Training CNNs with Selective Allocation of Channels

Jongheon Jeong, Jinwoo Shin
Proceedings of the 36th International Conference on Machine Learning, PMLR 97:3080-3090, 2019.

Abstract

Recent progress in deep convolutional neural networks (CNNs) have enabled a simple paradigm of architecture design: larger models typically achieve better accuracy. Due to this, in modern CNN architectures, it becomes more important to design models that generalize well under certain resource constraints, e.g. the number of parameters. In this paper, we propose a simple way to improve the capacity of any CNN model having large-scale features, without adding more parameters. In particular, we modify a standard convolutional layer to have a new functionality of channel-selectivity, so that the layer is trained to select important channels to re-distribute their parameters. Our experimental results under various CNN architectures and datasets demonstrate that the proposed new convolutional layer allows new optima that generalize better via efficient resource utilization, compared to the baseline.

Cite this Paper


BibTeX
@InProceedings{pmlr-v97-jeong19c, title = {Training {CNN}s with Selective Allocation of Channels}, author = {Jeong, Jongheon and Shin, Jinwoo}, booktitle = {Proceedings of the 36th International Conference on Machine Learning}, pages = {3080--3090}, year = {2019}, editor = {Kamalika Chaudhuri and Ruslan Salakhutdinov}, volume = {97}, series = {Proceedings of Machine Learning Research}, month = {09--15 Jun}, publisher = {PMLR}, pdf = {http://proceedings.mlr.press/v97/jeong19c/jeong19c.pdf}, url = { http://proceedings.mlr.press/v97/jeong19c.html }, abstract = {Recent progress in deep convolutional neural networks (CNNs) have enabled a simple paradigm of architecture design: larger models typically achieve better accuracy. Due to this, in modern CNN architectures, it becomes more important to design models that generalize well under certain resource constraints, e.g. the number of parameters. In this paper, we propose a simple way to improve the capacity of any CNN model having large-scale features, without adding more parameters. In particular, we modify a standard convolutional layer to have a new functionality of channel-selectivity, so that the layer is trained to select important channels to re-distribute their parameters. Our experimental results under various CNN architectures and datasets demonstrate that the proposed new convolutional layer allows new optima that generalize better via efficient resource utilization, compared to the baseline.} }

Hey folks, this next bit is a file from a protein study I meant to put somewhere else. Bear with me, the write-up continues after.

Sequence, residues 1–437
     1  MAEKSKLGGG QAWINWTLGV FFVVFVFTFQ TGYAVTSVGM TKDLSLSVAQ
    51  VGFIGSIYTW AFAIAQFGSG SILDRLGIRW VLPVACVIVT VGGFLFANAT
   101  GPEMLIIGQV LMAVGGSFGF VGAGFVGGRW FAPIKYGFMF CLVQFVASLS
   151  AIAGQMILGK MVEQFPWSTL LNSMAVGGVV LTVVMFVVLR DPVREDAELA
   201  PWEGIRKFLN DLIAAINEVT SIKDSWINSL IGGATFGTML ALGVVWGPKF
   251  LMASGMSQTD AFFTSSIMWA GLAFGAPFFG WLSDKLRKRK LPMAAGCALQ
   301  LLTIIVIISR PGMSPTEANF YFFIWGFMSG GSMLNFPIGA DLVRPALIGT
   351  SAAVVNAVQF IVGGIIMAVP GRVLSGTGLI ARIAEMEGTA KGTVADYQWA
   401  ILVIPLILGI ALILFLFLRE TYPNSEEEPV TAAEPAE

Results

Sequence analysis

Endnote
%0 Conference Paper %T Training CNNs with Selective Allocation of Channels %A Jongheon Jeong %A Jinwoo Shin %B Proceedings of the 36th International Conference on Machine Learning %C Proceedings of Machine Learning Research %D 2019 %E Kamalika Chaudhuri %E Ruslan Salakhutdinov %F pmlr-v97-jeong19c %I PMLR %P 3080--3090 %U http://proceedings.mlr.press/v97/jeong19c.html %V 97 %X Recent progress in deep convolutional neural networks (CNNs) have enabled a simple paradigm of architecture design: larger models typically achieve better accuracy. Due to this, in modern CNN architectures, it becomes more important to design models that generalize well under certain resource constraints, e.g. the number of parameters. In this paper, we propose a simple way to improve the capacity of any CNN model having large-scale features, without adding more parameters. In particular, we modify a standard convolutional layer to have a new functionality of channel-selectivity, so that the layer is trained to select important channels to re-distribute their parameters. Our experimental results under various CNN architectures and datasets demonstrate that the proposed new convolutional layer allows new optima that generalize better via efficient resource utilization, compared to the baseline.
APA
Jeong, J. & Shin, J.. (2019). Training CNNs with Selective Allocation of Channels. Proceedings of the 36th International Conference on Machine Learning, in Proceedings of Machine Learning Research 97:3080-3090 Available from http://proceedings.mlr.press/v97/jeong19c.html .

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